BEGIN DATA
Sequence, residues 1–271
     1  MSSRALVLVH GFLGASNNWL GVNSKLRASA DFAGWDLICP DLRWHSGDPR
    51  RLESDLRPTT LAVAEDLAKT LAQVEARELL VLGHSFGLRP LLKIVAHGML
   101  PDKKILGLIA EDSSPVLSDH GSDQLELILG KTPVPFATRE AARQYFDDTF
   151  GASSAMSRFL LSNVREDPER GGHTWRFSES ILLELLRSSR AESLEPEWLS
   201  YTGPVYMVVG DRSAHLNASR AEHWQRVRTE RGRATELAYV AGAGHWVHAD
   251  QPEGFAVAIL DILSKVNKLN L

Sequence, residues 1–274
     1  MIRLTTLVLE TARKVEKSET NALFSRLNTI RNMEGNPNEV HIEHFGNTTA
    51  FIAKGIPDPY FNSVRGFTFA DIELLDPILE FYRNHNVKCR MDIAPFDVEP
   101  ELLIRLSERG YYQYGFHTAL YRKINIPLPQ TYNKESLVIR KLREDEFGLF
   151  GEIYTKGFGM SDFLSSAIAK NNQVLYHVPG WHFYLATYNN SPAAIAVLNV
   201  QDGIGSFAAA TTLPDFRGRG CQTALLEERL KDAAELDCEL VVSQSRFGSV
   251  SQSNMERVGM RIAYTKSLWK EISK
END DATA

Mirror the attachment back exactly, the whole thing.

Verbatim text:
Sequence, residues 1–271
     1  MSSRALVLVH GFLGASNNWL GVNSKLRASA DFAGWDLICP DLRWHSGDPR
    51  RLESDLRPTT LAVAEDLAKT LAQVEARELL VLGHSFGLRP LLKIVAHGML
   101  PDKKILGLIA EDSSPVLSDH GSDQLELILG KTPVPFATRE AARQYFDDTF
   151  GASSAMSRFL LSNVREDPER GGHTWRFSES ILLELLRSSR AESLEPEWLS
   201  YTGPVYMVVG DRSAHLNASR AEHWQRVRTE RGRATELAYV AGAGHWVHAD
   251  QPEGFAVAIL DILSKVNKLN L

Sequence, residues 1–274
     1  MIRLTTLVLE TARKVEKSET NALFSRLNTI RNMEGNPNEV HIEHFGNTTA
    51  FIAKGIPDPY FNSVRGFTFA DIELLDPILE FYRNHNVKCR MDIAPFDVEP
   101  ELLIRLSERG YYQYGFHTAL YRKINIPLPQ TYNKESLVIR KLREDEFGLF
   151  GEIYTKGFGM SDFLSSAIAK NNQVLYHVPG WHFYLATYNN SPAAIAVLNV
   201  QDGIGSFAAA TTLPDFRGRG CQTALLEERL KDAAELDCEL VVSQSRFGSV
   251  SQSNMERVGM RIAYTKSLWK EISK